==> Download your business plan template now!

At the end of this section, readers of your business plan should understand where your product is in relation to your competition, and whether your company has a chance of gaining a share of the market or opening a new market for the product.

Peter

How To Create A Business Plan For Success

A business plan is an essential document that serves as a blueprint as you run your start-up or existing business. It is used to outline your plans for operating the business. The business plan describes your business goals and strategies, and provides details on how you’re going to finance the business and the marketing methods you will use. Essentially, your business plan includes detailed information about your company’s goals and how you will meet them. A sound business plan is essential to the success of your business.

Often, a business plan is required when seeking funding for a business. Lending institutions and investors want to see a well-written business plan that outlines your plans for your company – they want to know what you hope to accomplish and the specific strategies you intend to implement to achieve your goals. They will review your business plan to determine whether or not they will lend you the money you requested. Based on information you provide, they can determine if your business is likely to become profitable or if it will fail. A solid business plan will impress lenders and convince them to approve your loan request.

==> Click here to learn how to write great business plan!

When writing a business plan there are certain elements you need to include. Here are the steps to creating a good business plan.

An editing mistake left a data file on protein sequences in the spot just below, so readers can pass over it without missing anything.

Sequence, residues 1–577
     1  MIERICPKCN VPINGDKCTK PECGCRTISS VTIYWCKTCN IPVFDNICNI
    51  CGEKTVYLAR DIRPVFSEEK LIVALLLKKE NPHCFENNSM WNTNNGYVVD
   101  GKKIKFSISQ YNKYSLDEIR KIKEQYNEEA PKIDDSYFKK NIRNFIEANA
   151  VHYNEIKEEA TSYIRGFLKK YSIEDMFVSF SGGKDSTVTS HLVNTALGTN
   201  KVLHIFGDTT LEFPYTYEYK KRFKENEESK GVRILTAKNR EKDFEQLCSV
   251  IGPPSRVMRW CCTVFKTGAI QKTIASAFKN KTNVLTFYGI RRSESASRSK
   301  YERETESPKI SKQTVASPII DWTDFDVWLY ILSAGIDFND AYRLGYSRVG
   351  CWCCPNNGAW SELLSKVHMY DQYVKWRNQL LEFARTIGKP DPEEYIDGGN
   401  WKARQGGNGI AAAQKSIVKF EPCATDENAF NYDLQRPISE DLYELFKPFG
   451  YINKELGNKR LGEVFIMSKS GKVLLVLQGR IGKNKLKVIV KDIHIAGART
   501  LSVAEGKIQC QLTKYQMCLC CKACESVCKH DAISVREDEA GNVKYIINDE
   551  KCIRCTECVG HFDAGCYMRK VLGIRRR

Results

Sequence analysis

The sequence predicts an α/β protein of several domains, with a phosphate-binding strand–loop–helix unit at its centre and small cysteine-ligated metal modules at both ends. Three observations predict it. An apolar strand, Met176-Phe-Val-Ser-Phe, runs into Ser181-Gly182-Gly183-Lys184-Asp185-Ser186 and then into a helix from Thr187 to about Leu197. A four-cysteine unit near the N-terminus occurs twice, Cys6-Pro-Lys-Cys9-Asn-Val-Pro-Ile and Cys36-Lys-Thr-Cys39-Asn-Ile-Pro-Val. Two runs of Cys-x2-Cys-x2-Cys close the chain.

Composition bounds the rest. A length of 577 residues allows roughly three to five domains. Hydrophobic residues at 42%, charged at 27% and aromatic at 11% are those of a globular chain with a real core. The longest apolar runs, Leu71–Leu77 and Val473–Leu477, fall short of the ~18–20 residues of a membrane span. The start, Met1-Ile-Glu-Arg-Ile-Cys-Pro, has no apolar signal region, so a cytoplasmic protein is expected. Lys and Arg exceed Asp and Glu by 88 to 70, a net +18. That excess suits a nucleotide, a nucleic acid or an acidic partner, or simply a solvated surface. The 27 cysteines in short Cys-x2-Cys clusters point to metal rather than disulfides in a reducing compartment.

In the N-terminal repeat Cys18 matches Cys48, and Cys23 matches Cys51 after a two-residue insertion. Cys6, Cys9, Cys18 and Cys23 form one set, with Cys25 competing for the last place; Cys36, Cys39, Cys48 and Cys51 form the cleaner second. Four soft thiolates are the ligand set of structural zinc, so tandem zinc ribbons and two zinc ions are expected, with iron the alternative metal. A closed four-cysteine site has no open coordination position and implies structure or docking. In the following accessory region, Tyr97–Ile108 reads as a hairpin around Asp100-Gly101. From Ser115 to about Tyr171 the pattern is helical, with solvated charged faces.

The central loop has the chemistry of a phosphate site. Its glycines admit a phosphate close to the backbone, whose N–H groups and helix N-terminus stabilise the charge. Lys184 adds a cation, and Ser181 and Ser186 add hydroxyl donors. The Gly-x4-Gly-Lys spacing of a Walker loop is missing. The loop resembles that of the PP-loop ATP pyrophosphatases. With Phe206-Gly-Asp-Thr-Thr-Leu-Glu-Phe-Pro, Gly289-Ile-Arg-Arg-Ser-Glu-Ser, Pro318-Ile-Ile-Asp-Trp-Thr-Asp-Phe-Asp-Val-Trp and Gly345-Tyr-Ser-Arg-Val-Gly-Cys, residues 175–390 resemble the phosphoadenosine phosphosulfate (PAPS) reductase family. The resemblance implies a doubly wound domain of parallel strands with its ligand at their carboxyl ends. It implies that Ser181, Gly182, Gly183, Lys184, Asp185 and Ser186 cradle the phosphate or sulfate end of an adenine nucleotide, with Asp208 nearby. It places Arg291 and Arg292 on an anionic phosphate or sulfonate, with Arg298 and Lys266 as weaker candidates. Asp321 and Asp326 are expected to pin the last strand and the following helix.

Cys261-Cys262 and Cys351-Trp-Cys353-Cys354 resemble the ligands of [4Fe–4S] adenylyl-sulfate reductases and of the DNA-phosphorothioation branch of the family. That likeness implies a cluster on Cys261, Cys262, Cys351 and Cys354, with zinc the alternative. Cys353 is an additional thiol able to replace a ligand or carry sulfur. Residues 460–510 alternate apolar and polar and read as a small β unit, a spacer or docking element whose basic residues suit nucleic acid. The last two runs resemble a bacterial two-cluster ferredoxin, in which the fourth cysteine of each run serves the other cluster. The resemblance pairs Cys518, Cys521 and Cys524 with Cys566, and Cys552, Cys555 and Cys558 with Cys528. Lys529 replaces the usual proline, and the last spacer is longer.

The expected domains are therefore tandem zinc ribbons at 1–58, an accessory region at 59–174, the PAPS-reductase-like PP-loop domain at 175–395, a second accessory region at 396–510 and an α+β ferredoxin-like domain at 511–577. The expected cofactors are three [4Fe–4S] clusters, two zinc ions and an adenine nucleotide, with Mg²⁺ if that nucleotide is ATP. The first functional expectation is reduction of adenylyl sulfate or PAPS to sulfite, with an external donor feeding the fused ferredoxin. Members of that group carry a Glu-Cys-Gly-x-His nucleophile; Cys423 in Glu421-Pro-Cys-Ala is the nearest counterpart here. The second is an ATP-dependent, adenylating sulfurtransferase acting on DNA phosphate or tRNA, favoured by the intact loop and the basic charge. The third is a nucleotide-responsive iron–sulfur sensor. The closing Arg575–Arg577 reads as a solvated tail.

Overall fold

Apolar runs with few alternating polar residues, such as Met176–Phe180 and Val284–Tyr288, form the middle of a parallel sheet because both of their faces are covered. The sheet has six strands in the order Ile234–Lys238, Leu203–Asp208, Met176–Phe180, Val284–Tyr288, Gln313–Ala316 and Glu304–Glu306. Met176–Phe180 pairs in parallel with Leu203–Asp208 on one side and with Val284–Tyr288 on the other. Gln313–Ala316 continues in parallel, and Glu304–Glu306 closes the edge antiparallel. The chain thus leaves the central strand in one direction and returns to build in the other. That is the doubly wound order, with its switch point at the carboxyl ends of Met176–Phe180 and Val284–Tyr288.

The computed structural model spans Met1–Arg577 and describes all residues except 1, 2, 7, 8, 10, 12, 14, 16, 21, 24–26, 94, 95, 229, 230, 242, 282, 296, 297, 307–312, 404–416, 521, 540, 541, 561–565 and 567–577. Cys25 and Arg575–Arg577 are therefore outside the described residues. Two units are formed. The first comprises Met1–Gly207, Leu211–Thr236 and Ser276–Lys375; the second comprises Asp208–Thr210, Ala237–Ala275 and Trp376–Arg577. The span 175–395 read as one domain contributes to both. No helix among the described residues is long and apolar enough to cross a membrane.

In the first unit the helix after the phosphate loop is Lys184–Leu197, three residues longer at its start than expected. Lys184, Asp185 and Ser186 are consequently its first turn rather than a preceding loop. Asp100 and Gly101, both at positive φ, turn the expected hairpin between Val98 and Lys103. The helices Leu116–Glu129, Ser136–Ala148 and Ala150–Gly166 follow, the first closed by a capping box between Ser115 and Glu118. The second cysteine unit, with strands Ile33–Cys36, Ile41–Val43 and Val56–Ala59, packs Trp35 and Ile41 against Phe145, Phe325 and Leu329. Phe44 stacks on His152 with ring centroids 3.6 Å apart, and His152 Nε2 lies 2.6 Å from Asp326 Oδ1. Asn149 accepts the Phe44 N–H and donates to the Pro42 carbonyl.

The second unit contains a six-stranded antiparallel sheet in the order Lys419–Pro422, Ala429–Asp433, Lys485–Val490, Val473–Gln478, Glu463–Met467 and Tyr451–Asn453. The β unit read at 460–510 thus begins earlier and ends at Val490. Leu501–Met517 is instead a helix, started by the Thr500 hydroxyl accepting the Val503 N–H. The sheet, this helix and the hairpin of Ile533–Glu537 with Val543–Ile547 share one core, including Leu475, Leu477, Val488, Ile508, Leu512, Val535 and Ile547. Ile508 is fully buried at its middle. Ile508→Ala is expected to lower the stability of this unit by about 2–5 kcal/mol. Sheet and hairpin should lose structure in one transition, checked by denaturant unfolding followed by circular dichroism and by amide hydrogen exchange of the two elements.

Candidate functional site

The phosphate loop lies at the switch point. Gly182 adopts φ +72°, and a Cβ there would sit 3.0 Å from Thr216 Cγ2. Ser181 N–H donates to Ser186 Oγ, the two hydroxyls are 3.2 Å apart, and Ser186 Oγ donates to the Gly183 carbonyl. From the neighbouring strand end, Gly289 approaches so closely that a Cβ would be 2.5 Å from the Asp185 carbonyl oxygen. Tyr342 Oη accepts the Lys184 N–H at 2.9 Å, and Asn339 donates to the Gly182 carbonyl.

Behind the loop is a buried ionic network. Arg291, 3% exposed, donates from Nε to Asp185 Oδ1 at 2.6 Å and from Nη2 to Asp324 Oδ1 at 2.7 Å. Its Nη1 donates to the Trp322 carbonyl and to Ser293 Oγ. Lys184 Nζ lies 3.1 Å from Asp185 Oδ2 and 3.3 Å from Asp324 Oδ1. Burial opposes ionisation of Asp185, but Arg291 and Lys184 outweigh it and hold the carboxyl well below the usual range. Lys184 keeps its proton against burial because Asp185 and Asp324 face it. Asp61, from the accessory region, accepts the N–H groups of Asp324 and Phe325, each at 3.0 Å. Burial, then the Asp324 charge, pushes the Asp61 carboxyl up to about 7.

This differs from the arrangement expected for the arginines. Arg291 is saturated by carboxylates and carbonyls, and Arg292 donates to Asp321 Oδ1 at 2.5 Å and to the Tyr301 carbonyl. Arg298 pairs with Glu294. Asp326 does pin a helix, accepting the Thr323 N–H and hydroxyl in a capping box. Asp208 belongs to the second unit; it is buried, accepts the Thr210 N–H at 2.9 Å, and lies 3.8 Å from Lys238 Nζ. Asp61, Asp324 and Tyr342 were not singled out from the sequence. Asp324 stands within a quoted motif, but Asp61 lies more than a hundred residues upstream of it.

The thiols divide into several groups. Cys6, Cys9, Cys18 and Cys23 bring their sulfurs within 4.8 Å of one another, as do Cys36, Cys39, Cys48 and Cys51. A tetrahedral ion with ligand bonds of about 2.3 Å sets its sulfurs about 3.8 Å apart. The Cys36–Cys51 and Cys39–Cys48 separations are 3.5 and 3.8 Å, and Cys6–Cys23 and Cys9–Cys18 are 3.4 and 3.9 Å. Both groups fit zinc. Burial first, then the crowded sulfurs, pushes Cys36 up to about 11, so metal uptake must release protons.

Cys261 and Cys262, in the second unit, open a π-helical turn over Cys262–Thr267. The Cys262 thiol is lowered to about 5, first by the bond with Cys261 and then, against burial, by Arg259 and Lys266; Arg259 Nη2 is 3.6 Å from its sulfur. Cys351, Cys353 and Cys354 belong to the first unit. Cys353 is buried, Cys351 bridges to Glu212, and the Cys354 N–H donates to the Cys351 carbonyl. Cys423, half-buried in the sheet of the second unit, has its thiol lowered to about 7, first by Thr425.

Executive Summary
This is a summary of all the information you will provide in greater detail in the following pages. This section provides an overview of the content and goals of your business plan, discussing all the highlights. The executive summary is key if you are seeking funding as it will lure potential investors into your business.

Company Overview
Describe your company, its business model, mission, and strategy. Also discuss why and when your company was formed, and its location and ownership.

Products or Service
Here’s where you provide information about your offering, whether it’s products or services, or both. If you sell products and you are the manufacturer, discuss how and where it’s manufactured. If you are just the distributor or retailer say so. If you provide services, discuss what those services.

Marketing
In this section, outline your marketing strategy, including details of your market analysis, advertising, sales, customer service, and public relations. You can use this space to discuss your vision of why your business will be successful.

Financial
In the financial section, include your balance sheet, cash flow statements for the next three years, and your projected profit and loss statements.

Management